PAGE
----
Consider this: Our annual ABC license that allows us to sell beer is $1,000. Your local regulations may be different, I dunno, but you are going to really have to work hard to make any kind of profit on a 5-10 gallon system.Yeah, but WA is a pretty brewery friendly state . . .
Microbrewery's license — Fee.
(1) There shall be a license for microbreweries; fee to be one hundred dollars for production of less than sixty thousand barrels of malt liquor, including strong beer, per year.
Well, that's just plum reasonable!
My main concern when people start to take homebrew to the masses is still the fact that it is an awful lot of work for such a small return. If you are brewing on a 5 - 10 gal system you will end up brewing more for bars and pubs than for yourself and you still won't be making any money and you will end up working basically for free. The most important part about homebrewing for me was having good, fresh beer on tap all the time - for ME! If you start brewing for local establishments you will not have very much beer around the house. What is worse, you will most likely have to pay to drink your own beer.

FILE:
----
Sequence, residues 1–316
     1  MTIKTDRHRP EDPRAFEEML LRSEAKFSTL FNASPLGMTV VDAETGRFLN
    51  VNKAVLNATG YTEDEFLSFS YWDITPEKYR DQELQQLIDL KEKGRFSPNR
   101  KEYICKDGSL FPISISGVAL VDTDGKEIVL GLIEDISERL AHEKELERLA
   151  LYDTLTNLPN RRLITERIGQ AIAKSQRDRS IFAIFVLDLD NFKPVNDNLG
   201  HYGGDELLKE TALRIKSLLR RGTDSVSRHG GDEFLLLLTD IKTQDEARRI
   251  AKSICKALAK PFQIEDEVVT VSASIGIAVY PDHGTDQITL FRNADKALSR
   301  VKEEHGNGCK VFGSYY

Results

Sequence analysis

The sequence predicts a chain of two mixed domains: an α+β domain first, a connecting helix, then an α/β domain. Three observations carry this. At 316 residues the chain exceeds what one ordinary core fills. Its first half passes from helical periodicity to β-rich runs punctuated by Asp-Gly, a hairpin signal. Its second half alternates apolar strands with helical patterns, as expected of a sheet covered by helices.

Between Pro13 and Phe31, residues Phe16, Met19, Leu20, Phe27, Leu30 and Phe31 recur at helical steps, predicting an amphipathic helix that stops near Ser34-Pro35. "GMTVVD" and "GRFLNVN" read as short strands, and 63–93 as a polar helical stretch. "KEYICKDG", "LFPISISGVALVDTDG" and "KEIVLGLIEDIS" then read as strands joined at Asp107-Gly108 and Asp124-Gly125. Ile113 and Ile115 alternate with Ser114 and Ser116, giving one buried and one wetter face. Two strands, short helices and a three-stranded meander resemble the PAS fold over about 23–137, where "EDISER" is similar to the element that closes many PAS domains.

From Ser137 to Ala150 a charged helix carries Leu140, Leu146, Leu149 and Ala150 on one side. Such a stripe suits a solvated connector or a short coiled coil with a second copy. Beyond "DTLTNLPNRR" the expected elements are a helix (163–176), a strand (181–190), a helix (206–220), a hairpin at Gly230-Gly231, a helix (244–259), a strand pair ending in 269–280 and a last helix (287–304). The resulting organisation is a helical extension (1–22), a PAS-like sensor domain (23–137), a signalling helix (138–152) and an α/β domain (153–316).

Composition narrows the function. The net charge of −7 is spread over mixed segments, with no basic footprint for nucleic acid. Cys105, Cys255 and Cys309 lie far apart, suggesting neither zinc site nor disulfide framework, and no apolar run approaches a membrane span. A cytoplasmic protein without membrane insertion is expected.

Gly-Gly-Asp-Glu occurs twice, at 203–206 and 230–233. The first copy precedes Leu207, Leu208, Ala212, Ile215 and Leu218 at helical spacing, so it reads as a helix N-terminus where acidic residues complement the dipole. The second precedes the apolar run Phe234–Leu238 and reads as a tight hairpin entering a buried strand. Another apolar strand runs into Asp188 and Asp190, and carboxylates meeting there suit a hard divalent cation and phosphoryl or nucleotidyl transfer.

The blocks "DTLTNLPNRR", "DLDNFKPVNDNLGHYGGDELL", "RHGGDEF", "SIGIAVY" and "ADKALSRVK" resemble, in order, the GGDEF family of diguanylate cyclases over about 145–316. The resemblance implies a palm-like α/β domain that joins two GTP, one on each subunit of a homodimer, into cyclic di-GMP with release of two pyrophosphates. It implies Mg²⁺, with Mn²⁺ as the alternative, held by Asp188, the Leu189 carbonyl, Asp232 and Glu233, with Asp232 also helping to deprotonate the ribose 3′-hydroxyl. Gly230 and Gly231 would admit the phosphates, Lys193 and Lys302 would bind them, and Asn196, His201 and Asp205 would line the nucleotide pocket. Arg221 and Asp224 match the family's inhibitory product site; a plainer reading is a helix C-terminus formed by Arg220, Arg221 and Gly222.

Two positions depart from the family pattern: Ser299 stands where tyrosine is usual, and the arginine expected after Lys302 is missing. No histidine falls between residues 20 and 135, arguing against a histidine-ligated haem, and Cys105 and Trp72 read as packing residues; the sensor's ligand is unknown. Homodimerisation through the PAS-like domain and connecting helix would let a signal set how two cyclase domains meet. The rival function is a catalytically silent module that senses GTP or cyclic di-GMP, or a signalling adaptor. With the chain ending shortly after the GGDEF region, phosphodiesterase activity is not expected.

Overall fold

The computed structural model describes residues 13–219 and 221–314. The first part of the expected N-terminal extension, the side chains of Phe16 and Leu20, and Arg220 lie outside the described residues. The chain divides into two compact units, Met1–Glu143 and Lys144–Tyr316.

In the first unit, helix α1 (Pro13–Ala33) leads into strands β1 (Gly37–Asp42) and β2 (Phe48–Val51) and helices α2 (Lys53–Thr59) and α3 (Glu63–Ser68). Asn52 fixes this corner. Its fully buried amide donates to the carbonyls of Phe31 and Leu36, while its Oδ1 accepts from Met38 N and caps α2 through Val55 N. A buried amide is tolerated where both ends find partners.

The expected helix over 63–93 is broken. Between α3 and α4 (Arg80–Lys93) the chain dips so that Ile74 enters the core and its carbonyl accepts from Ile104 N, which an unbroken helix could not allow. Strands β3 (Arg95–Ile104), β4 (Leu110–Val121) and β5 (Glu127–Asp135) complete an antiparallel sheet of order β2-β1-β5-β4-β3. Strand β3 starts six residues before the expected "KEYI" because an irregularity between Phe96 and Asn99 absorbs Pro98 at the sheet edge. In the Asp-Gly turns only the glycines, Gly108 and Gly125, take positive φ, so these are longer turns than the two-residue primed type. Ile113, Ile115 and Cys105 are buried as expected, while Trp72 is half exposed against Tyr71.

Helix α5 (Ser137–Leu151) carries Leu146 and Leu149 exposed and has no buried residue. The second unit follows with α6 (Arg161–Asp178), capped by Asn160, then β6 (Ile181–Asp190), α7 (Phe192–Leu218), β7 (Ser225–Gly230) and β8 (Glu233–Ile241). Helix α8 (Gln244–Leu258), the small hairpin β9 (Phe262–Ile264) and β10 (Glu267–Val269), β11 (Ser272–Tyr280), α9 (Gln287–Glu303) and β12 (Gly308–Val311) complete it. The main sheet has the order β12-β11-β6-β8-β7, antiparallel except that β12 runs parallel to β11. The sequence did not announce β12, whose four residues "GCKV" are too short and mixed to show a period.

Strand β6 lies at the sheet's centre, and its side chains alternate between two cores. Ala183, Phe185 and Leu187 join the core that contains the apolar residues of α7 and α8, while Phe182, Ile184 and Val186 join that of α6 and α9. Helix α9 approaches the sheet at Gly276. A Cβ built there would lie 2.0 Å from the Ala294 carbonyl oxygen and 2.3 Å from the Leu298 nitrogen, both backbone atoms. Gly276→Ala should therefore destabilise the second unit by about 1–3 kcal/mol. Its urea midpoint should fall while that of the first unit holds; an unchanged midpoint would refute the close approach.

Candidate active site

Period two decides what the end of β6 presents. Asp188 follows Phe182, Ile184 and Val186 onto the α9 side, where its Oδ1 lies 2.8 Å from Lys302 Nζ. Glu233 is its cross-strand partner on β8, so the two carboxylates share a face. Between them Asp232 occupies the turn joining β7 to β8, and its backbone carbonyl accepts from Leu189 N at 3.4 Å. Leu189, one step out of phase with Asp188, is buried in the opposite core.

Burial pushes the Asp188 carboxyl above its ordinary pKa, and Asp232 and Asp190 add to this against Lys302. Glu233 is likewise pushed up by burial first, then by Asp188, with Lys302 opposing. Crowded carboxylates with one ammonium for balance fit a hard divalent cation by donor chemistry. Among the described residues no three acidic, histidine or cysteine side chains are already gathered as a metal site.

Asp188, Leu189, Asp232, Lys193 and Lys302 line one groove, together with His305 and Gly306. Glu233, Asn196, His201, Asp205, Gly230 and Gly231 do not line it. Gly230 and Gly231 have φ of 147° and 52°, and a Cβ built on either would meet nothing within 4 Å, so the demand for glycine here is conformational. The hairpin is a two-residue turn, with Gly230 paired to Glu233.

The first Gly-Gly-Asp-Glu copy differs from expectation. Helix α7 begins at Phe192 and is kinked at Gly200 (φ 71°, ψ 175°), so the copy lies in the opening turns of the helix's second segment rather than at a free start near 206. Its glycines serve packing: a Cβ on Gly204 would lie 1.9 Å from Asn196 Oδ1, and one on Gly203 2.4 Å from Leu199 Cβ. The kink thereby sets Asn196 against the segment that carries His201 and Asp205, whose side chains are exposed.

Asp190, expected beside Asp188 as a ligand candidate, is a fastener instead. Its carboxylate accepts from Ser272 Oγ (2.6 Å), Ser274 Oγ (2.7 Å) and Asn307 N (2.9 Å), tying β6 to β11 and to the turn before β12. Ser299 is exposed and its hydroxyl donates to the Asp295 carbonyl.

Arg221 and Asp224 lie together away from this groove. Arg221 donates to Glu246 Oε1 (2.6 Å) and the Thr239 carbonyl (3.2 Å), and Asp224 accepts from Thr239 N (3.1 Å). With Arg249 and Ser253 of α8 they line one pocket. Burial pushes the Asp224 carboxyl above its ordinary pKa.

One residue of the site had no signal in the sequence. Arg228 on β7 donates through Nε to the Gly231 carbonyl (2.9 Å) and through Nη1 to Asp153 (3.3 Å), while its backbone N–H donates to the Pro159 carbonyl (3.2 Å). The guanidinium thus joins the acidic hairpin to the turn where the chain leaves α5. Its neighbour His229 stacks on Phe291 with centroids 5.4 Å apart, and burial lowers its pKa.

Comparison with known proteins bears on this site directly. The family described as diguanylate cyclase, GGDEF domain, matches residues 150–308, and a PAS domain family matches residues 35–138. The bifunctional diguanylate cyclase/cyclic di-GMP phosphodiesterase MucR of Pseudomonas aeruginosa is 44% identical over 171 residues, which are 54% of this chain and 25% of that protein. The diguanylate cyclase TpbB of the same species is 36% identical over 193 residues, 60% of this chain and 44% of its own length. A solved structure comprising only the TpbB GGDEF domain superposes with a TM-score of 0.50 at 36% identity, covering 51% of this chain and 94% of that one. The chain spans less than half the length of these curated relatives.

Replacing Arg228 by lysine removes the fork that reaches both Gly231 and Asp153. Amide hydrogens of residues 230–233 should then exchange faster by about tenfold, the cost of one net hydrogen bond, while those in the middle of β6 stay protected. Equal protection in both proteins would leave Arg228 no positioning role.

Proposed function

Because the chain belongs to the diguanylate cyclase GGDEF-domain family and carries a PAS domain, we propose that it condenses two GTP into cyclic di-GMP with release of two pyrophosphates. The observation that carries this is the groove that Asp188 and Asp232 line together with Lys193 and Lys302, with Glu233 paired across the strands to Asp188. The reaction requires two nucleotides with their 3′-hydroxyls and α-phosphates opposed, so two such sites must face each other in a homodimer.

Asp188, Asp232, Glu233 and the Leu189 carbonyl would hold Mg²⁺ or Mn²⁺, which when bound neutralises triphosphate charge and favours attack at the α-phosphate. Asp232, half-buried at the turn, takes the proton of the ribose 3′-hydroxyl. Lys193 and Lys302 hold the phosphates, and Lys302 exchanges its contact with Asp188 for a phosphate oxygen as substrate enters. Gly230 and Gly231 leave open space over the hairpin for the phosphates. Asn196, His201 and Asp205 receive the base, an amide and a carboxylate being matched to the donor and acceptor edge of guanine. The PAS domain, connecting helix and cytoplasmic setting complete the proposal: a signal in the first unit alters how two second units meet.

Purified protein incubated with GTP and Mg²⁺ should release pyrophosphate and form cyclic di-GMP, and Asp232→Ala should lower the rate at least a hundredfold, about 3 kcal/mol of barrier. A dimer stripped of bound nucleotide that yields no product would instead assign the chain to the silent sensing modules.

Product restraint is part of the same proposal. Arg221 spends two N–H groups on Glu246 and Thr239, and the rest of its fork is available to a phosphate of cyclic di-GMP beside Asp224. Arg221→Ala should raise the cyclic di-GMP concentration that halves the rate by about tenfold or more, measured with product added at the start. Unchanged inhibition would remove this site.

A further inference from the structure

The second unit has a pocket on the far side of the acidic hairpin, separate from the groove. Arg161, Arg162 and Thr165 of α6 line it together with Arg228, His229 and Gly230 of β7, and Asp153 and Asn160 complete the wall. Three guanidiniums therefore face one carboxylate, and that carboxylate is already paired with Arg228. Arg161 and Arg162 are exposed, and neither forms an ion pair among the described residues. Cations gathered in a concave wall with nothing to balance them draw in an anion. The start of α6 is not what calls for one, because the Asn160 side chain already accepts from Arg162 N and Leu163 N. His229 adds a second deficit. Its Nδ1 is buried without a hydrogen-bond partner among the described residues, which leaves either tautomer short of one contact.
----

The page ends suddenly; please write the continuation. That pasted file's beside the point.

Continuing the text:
Another think to consider: pubs and restaurants start to get pissed when you can't keep up with demand. Especially if you are taking up tap space. If you can;t keep a keg on that tap most places are going to bump you for someone more reliable. An empty tap costs an establishment money.
Not trying to rain on any parades, just trying to point out a few facts folks may not have thought of. Brewing beer is a lot of work, for sure.